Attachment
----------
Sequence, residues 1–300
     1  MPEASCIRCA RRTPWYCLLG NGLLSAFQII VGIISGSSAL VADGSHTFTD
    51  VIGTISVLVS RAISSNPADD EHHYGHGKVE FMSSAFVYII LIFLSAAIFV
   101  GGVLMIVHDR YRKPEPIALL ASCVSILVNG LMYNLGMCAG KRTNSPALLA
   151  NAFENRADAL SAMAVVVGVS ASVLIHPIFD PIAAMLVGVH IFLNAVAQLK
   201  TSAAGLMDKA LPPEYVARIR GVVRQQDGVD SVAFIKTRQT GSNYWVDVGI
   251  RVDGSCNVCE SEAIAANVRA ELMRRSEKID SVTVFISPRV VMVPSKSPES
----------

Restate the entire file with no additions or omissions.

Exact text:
Sequence, residues 1–300
     1  MPEASCIRCA RRTPWYCLLG NGLLSAFQII VGIISGSSAL VADGSHTFTD
    51  VIGTISVLVS RAISSNPADD EHHYGHGKVE FMSSAFVYII LIFLSAAIFV
   101  GGVLMIVHDR YRKPEPIALL ASCVSILVNG LMYNLGMCAG KRTNSPALLA
   151  NAFENRADAL SAMAVVVGVS ASVLIHPIFD PIAAMLVGVH IFLNAVAQLK
   201  TSAAGLMDKA LPPEYVARIR GVVRQQDGVD SVAFIKTRQT GSNYWVDVGI
   251  RVDGSCNVCE SEAIAANVRA ELMRRSEKID SVTVFISPRV VMVPSKSPES